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Mammogram Screening Guidelines Don’t Help Black Women

New York Governor Andrew Cuomo took a step in the right direction to facilitate early detection of breast cancer by signing a bill into law. This new bill, Shannon’s Law, named in honor of Shannon Saturno because she was diagnosed with breast cancer at age 28 while pregnant with her daughter, mandates that insurance companies be required to provide mammogram screenings for individuals ages 35 and older.

This legislation represents a change from the current mammogram screening guidelines of the American Cancer Society: “Women ages 40 to 44 should have the choice to start annual breast cancer screening with mammograms (x-rays of the breast) if they wish to do so. Women age 45 to 54 should get mammograms every year. Women 55 and older should switch to mammograms every 2 years or can continue yearly screening.”

This new law is great news for white women, and we know it will save lives. But the impact of this law will not readily help African American women. According to the American Cancer Society, black women younger than age 35 get breast cancer at two times the rate of white women and die from breast cancer three times as often as white women.

Breast cancer is the most imperative health issue for African American women. Though we get breast cancer at a slightly lower incidence rate than white women, black women, across all ages, are 42 percent more like to die of the disease. 

In March 2018, the American College of Radiology and the Society of Breast Imaging recommended that black women be added to groups considered at high risk for breast cancer because of the higher mortality rate. This was the first time black women have been classified as a high-risk group. The ACR/SBI supported that all women, especially black women, should be evaluated for breast cancer risk no later than age 30 so those at higher risk can be identified and benefit from supplemental screening. Their mammogram screening guidelines also recommend women at high risk for breast cancer, i.e., black women, have screening more frequently, and with a different screening method, such as MRI or ultrasound. So a woman at high risk might have a mammogram at the beginning of the year, and then have an MRI six months later.

The American Society of Breast Surgeons takes an even more aggressive approach, recommending that risk assessment actually be done at age 25 as the first step to determining the appropriate mammogram screening guidelines. Furthermore, the ASBrS “acknowledges the presence of breast cancer outcome disparities in the U.S. African American women, for example, face a disproportionately high risk of breast cancer mortality, which is at least partly explained by differences in stage distribution as well as tumor biology. These screening recommendations for the overall diverse population of adult women represent an opportunity to minimize breast cancer disparities through earlier detection of disease in all women.”

“Black women are at high risk for breast cancer,” said Valarie Worthy, president of Sisters Network Inc. Triangle, North Carolina Affiliate Chapter. “I wholeheartedly support getting a risk assessment at age 25.”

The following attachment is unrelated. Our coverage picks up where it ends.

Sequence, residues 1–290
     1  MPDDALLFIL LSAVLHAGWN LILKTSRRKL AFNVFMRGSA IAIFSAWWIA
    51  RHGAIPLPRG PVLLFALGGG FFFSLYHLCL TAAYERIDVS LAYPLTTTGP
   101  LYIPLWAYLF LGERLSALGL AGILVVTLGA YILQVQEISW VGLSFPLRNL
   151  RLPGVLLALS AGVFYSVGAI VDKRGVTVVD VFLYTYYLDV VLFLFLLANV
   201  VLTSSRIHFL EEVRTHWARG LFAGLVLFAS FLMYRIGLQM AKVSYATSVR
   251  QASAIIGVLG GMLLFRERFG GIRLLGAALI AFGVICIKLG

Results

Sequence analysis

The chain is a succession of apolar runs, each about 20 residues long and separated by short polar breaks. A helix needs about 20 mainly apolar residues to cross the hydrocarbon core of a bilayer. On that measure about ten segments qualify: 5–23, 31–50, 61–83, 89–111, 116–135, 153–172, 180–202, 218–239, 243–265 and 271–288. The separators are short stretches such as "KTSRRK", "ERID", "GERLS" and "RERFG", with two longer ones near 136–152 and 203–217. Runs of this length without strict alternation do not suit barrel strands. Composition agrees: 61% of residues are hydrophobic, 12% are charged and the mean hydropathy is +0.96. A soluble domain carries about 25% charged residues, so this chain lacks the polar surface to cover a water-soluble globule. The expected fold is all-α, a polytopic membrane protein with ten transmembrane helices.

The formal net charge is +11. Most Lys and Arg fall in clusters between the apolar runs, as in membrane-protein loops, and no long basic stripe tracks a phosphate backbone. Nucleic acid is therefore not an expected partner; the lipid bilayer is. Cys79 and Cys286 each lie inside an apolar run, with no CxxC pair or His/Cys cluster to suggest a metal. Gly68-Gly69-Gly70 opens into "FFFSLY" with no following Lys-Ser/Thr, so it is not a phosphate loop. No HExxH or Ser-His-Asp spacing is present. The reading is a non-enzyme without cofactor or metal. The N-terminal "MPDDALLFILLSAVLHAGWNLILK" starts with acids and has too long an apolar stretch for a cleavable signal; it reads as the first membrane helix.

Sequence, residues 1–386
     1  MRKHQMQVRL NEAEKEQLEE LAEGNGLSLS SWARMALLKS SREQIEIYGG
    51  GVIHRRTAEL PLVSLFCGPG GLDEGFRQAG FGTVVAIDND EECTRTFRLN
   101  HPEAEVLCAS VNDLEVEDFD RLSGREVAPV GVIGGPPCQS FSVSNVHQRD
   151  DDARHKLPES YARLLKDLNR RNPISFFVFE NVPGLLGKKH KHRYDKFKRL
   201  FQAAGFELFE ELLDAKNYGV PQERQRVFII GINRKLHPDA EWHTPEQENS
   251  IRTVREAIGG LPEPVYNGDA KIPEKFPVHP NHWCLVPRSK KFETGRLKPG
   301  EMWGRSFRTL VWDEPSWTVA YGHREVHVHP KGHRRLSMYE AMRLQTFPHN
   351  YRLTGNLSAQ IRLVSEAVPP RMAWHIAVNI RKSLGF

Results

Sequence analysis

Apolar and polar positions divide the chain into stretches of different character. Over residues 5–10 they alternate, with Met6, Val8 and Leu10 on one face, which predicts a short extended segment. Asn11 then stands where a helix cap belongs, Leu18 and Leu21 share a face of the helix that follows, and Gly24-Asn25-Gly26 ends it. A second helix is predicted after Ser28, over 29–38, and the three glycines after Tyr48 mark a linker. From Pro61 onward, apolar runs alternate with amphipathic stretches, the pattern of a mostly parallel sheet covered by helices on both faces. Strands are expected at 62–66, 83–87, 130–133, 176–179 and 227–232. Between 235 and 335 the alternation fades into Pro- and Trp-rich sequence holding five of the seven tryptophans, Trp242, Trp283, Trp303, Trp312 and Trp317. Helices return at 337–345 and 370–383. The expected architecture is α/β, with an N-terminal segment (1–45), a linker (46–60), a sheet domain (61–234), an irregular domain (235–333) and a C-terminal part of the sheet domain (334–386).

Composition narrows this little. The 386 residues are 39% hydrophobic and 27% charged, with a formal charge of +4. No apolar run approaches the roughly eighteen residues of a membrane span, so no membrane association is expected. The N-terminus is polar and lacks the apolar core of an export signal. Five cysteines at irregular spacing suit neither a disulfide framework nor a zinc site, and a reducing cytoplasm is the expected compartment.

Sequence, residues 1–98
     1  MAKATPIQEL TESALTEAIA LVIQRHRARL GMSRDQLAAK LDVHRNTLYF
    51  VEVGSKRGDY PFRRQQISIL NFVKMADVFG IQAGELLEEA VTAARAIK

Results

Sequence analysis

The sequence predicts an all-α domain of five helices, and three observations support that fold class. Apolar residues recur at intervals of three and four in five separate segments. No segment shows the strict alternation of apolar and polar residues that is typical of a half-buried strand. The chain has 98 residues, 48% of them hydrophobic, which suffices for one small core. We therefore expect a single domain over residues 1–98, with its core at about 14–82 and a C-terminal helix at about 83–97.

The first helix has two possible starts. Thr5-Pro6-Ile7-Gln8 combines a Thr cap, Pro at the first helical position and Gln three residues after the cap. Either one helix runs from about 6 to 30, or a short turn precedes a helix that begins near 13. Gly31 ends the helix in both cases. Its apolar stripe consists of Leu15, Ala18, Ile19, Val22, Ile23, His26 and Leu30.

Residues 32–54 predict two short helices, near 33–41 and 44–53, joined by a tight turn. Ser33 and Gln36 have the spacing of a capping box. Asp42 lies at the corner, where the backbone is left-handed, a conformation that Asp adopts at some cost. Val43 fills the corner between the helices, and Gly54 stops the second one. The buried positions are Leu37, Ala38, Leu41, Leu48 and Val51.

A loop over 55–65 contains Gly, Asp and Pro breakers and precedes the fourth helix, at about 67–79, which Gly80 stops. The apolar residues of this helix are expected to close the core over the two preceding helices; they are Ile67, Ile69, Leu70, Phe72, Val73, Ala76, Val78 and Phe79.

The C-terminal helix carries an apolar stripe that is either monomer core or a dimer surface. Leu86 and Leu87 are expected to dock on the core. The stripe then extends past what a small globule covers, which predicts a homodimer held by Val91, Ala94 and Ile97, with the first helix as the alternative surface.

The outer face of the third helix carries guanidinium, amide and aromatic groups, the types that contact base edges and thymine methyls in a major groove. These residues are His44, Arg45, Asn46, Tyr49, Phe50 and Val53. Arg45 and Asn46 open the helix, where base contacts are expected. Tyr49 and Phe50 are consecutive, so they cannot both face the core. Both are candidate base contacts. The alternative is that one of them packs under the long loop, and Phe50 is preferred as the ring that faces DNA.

Gov. Cuomo understands the importance of early screening. “We know that with cancer diagnoses, early detection is the best possible treatment,” he said. “This administration has taken and will continue to take aggressive action to break down any barriers to breast cancer screenings for women across the state.”  

But early detection is not happening sufficiently for black women. According to the American Cancer Society, 65 percent of white women are diagnosed at an early stage versus only 55 percent of black women. Nearly twice as many black women are diagnosed with late stage breast cancer versus white women.

“Frankly, if black women are at high risk for breast cancer, have a higher mortality rate and are diagnosed at later stages, it only makes sense that the screening guidelines be different and address these factors,” said Karen Eubanks Jackson, founder and CEO of Sisters Network Inc.”In fact, 25 years ago when I founded the organization, our guidelines were geared to saving the lives of black women. We recognized the disparities and therefore strongly recommended mammography at a younger age.”

Sisters Network appreciates Gov. Cuomo’s efforts that have promulgated a discussion around this critical issue, however, we need to take things a few steps further to save the lives of black women.

“Our leaders need to clearly understand the severity of the health disparities for black women,” said Dr. Regina Hampton, breast surgeon and medical director of the Breast Center at Doctors Community Hospital in Prince George’s County, Maryland. “Breast cancer screening guidelines should allow providers to make appropriate recommendations to meet the needs of their community and population.”

So what can we do? Petition Congress, state and local legislators. Demand laws that protect black women, too. Continue to fight like girls alongside Sisters Network Inc., a sisterhood of survivors and thrivers, and be the voice of black women.

In the meantime, until the world catches up to our reality, black women must take matters of breast health into our own hands. So choose a day of the month each month and check the breasts you love. We know you have a pair.

—Ricki Fairley


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